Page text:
Each year, U Prep devotes a number of full or half in-service days to professional development to support continuous improvement of teaching practices in our faculty. These full-faculty workshops complement the individual and group professional development that the school also supports. We have held two of these in-service half days so far this year. What did the faculty do when school was dismissed early?
October: Differentiated Instruction and Technology
Differentiated instruction is the practice of varying teaching content and methods so that students are appropriately challenged and significantly learning every day. The opposite of “one size fits all,” differentiated instruction assumes that students have varying learning needs and therefore should receive varied instruction. Teachers design learning environments to appropriately engage and challenge all students, based on their facility and interests.
Differentiated instruction methods include: providing students with activity choices; asking students to work at their own pace; giving students a variety of presentation format options; providing material to students in different forms of media; assigning open-ended projects and individualizing feedback.
Dr. Jane Cutter, U Prep’s Learning Resources Coordinator, notes that many teaching techniques originally designed as learning accommodations are also effective with our entire student population. Scholars Carol Ann Tomlinson and Tonya R. Moon note that instruction can be differentiated through content (the information provided to students), process (learning activities), product (how students demonstrate mastery), and environment (resources and classroom setup).
Technology is a powerful tool to facilitate all of these forms of differentiation. Teachers can quickly provide varied materials through Schoology, individually communicate with students at any time, and link students to a variety of online activities and media. Students can organize their own work environment, collaborate with classmates, and demonstrate learning through a variety of means.
During this workshop, teachers attended a joint session together and then participated in one of five, topical breakout sessions. Sybille Stadtmueller, Meg Shortell, Karen Slon, Brad Gosche, Yayoi Brown, Moses Rifkin, and Alec Duxbury shared examples of differentiation from their work and facilitated the sessions. Teachers explored the connection of differentiation to assessment, creative work, and student voice.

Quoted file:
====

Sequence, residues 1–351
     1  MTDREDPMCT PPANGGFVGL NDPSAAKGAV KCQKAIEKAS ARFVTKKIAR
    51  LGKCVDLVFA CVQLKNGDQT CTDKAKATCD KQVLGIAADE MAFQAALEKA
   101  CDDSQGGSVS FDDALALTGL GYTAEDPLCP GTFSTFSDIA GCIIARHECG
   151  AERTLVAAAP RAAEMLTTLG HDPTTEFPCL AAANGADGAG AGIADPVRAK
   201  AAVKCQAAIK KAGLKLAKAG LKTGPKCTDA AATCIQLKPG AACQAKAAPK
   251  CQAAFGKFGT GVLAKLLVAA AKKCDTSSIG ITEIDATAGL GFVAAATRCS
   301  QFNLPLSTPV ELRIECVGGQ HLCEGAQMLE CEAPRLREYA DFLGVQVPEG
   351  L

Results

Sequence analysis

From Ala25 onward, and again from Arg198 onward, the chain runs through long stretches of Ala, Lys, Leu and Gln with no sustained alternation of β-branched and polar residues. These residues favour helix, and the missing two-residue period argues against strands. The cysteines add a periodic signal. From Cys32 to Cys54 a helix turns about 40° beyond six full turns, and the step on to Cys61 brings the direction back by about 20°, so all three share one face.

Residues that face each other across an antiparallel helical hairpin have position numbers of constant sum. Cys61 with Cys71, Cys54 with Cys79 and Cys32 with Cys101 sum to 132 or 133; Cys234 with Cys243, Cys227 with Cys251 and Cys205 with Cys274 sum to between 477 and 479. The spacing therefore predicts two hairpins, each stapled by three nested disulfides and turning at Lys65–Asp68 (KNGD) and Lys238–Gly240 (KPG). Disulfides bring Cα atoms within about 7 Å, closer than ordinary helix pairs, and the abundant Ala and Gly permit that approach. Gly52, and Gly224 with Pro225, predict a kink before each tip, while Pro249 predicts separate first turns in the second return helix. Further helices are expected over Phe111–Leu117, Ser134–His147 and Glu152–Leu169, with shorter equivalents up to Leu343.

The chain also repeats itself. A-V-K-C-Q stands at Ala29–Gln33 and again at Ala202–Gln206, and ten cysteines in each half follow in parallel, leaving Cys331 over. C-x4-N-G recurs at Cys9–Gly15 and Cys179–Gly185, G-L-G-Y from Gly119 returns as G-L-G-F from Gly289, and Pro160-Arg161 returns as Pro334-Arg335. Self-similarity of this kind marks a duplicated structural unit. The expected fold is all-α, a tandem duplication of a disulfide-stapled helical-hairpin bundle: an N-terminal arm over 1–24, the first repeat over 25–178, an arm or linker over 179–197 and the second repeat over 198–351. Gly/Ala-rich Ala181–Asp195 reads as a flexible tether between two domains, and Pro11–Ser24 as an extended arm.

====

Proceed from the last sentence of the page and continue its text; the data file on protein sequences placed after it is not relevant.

Further reading: http://bit.ly/differentiation (Carol Ann Tomlinson interview in Education Week)
November: Attention, Mindfulness, and Technology
U Prep has worked hard over the past years to keep pace with rapid technological changes occurring in society. The main event has been a huge infusion of tablet and laptop devices that we have placed in students’ hands, plus consideration of how to change our instructional practices to take advantage of the devices’ many capabilities.
At the same time, we feel equally strongly about the importance of balance in our lives. Balance between high-tech and low-tech learning environments; balance between email and face-to-face communication; balance between productivity and reflective practice.
In one of the faculty’s summer readings, William Powers wrote:
We’re losing something of great value, a way of thinking and moving through time that can be summed up in a single word, depth. Depth of thought and feeling, depth in our relationships, our work and everything we do. Since depth is what makes life fulfilling and meaningful, it’s astounding that we’re allowing this to happen.
Even in a hyper-connected world, everyone has the ability to regulate his or her own experience. It’s the same theme that great thinkers have struck time after time over the last two thousand years, but it keeps getting forgotten. The answer to our dilemma is hiding in the last place we tend to look: our own minds. The best tool for fighting back is still the mind itself.
With this introduction, the faculty considered five current approaches to attention and mindfulness in a technology-rich world.
Executive Function: neurobiology, memory, and learning
Mindfulness: contemplation and quality of life
Engagement: project-based learning and progressive education
Mastery: getting control of technology by getting better at it
Social media: what students are doing behind those screens
David Levy, Professor of Information Sciences at the University of Washington, facilitated on of the sessions. Megan Reimann, parent and special education expert, facilitated another. Many thanks to both.
Further watching: http://bit.ly/davidlevy (Prof. David Levy on information overload)
More Professional Development Coming Later This Year
February: project-based learning with technology
March: cultural competency in a diverse community
April: a model for technology lesson planning